Southern Nevada sees sunshine almost every day, and residential rooftop solar panels can help people turn that sunshine into reduced monthly energy bills.
All Nevada residential property owners are entitled to install renewable energy infrastructure to their homes including solar panels and energy storage. The Public Utilities Commission has the “Renewable Energy Bill of Rights” on its website detailing ways Nevadans are allowed to access renewable energy.
But aside from the current protections in state law, it’s important for customers to know how to vet proposals and promises made by solar installation companies, according to Mark Krueger, a chief deputy and consumer counsel for the Nevada Attorney General’s Office, which oversees the Bureau of Consumer Protection, the office that handles consumer complaints against certain solar companies. This is can be vital as Krueger said the costs of solar panel installations can run between $20,000 and $80,000 depending on the type and size of solar panels installed.
Some recent fliers circulating in Nevada promised solar installations could save residents up to 40-45 percent on their monthly electricity bill. Krueger said widespread savings promises can’t be guaranteed across a wide range of homes due to variability of energy generated from solar panels and terms in solar installation contracts.
“Generally, you’re going to see some sort of savings, but it depends on the cost of your energy bill,” Krueger said. “Some factors are, how much sunlight you get, the actual cost of the solar panels, whether you’re purchasing, whether they’re financing them, and other incentives provided for in the contract. … Some people won’t see breaks until several years down the road; others will see them earlier.”
But the state’s net metering program allows residents to use energy generated by their solar system to offset their monthly power bill and earn credits for excess energy.
The complaints over the sales of solar panels have “progressively” increased every year since 2015. Krueger said many of the complaints centered on either misinformation on costs or savings with solar panel installation or hard-nosed sales tactics.
“We had seen a progressive increase year over year of solar complaints,” Krueger said. “In pretty much the same type of general fact pattern that (customers) were induced to purchase based on representations made during the sales process and oftentimes, those included facts and information that were simply wrong.”
Krueger shared three tips to follow when considering installing solar panels.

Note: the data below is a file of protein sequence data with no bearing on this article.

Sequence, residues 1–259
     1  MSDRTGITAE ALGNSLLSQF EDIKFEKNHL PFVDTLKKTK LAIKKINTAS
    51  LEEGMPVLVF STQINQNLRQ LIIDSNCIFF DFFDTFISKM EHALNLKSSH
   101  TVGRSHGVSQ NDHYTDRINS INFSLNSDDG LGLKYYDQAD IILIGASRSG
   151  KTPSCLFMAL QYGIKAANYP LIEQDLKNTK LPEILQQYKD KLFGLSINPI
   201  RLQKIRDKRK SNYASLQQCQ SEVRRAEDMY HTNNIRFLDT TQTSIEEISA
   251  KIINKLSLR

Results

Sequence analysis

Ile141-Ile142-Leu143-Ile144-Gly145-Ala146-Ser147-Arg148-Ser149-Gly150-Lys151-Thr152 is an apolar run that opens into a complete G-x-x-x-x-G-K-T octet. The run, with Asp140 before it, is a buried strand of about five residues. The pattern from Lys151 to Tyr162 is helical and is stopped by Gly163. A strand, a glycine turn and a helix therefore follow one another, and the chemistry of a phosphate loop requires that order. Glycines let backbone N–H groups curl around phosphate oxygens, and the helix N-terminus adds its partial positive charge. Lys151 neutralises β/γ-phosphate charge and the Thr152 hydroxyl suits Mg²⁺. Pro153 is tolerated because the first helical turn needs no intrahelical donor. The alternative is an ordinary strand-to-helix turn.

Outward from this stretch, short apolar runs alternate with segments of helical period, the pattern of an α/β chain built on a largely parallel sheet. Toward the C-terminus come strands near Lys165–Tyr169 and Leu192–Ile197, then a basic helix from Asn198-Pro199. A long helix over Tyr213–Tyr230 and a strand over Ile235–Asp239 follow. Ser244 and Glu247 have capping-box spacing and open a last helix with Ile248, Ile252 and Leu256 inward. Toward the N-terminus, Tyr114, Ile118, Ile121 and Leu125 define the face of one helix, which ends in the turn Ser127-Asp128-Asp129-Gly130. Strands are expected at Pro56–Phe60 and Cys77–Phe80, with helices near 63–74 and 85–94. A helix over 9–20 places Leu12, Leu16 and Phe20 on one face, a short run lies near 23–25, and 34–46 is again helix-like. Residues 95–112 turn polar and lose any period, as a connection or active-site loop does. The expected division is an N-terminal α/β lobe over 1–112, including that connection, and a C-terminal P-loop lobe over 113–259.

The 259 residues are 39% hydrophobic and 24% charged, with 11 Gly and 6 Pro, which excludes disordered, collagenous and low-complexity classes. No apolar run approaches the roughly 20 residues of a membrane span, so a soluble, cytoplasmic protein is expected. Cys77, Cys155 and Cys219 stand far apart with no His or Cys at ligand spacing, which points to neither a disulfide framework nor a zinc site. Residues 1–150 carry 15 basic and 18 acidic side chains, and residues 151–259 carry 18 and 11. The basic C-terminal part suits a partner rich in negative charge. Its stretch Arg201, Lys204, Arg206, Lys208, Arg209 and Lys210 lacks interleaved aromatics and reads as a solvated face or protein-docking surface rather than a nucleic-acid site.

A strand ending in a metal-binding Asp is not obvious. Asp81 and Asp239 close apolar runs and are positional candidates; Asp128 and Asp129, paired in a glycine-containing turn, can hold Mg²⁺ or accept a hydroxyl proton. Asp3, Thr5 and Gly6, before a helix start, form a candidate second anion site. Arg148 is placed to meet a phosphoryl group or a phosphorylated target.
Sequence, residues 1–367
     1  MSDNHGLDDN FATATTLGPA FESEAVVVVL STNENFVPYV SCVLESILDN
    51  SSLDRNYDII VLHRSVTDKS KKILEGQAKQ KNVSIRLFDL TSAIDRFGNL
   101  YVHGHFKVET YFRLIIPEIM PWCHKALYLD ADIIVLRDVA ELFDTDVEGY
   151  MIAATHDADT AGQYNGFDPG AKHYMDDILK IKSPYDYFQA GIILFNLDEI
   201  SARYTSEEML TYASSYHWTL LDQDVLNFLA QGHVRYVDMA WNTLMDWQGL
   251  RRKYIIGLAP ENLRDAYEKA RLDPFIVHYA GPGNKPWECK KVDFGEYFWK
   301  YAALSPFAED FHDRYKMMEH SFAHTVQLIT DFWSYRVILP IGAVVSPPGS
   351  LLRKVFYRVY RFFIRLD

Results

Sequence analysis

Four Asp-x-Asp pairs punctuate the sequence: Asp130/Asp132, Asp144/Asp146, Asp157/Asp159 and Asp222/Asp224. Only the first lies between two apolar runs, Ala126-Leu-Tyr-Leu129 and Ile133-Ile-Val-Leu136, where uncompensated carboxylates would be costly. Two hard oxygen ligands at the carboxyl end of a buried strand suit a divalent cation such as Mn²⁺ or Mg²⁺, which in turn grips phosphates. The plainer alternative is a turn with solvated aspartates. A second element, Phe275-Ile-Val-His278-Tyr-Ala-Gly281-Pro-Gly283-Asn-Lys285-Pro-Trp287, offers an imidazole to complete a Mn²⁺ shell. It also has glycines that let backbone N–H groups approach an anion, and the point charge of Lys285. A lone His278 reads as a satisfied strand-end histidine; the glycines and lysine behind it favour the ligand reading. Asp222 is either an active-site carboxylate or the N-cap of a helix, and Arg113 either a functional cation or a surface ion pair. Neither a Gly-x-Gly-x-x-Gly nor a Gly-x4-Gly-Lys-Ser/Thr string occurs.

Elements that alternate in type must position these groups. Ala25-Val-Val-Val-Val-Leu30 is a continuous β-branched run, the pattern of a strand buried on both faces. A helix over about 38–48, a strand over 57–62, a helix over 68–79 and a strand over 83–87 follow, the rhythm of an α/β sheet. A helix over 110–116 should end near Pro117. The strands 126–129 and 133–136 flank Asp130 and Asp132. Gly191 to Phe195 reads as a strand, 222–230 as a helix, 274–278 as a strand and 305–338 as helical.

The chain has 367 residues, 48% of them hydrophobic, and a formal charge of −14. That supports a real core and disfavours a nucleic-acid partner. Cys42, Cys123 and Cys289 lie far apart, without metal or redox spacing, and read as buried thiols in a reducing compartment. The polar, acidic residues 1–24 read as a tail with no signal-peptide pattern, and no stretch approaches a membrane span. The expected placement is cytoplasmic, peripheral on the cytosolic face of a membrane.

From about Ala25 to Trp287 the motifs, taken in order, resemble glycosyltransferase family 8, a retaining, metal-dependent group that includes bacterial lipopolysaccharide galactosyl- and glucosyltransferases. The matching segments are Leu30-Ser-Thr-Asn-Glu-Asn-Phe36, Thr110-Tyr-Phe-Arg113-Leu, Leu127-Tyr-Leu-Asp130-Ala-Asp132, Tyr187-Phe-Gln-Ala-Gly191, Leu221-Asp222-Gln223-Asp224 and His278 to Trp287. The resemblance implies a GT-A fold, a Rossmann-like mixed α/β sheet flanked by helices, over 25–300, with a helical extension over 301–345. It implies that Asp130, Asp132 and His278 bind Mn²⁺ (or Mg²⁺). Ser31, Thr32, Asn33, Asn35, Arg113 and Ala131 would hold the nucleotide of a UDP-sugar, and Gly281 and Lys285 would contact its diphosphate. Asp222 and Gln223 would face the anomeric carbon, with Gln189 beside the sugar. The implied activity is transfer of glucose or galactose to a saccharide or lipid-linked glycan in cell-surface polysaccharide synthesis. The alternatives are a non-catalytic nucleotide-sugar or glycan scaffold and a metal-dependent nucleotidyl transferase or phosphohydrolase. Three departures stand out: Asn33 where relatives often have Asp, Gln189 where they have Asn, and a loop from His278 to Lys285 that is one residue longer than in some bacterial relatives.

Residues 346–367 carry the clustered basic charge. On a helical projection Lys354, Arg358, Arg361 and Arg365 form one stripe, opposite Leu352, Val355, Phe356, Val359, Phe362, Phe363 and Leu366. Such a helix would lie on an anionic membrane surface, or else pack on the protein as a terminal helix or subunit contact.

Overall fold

— Always ask the name of the installation company and check if the company has a valid license with the Nevada State Contractors Board’s website. Also, check the company’s public reputation, which can be done by via online reviews.
— Read any contract carefully and contact an attorney to review the terms or talk with trusted family or friends before signing anything.
— Educate yourself on types of solar panels and the electricity demands of your home before agreeing to installation, since some solar panels can provide too little power for certain homes to provide real financial benefits.
“Understand how much savings you anticipate. Understand, if you’re financing it, what the financing terms are,” Krueger said. “Take your time to really go through the contract.”
New regulations to come
A new law passed this year by the Legislature, Senate Bill 293, will also beef up some protections for customers.
The law, which takes effect in 2024, will require solar installation companies or contractors to use their employees, instead of freelance sales people, to conduct business. Krueger said this will make it easier for solar companies to face consequences for improper sales tactics.
Other parts of the law provide some exits for customers, including allowing a customer to cancel an agreement within three business days. Another allows a customer to cancel a contract if the contractor or solar installation company has committed any violations of state law.
The law also requires that a solar company must confirm a customer’s identity and have a recorded conversation that covers the basic provisions of a solar contract in order for solar panels to be installed. Additionally, solar contracts must be provided in languages other than English if the encounter between the solar company and the customer was in a language other than English.
Where to complain
If customers are facing issues with solar panel sales or contracts they should contact the Bureau of Consumer Protection and if they are having an issue with installation they should contact the state contractors board, according to Mark Krueger, a chief deputy and consumer counsel for the Nevada Attorney General’s Office.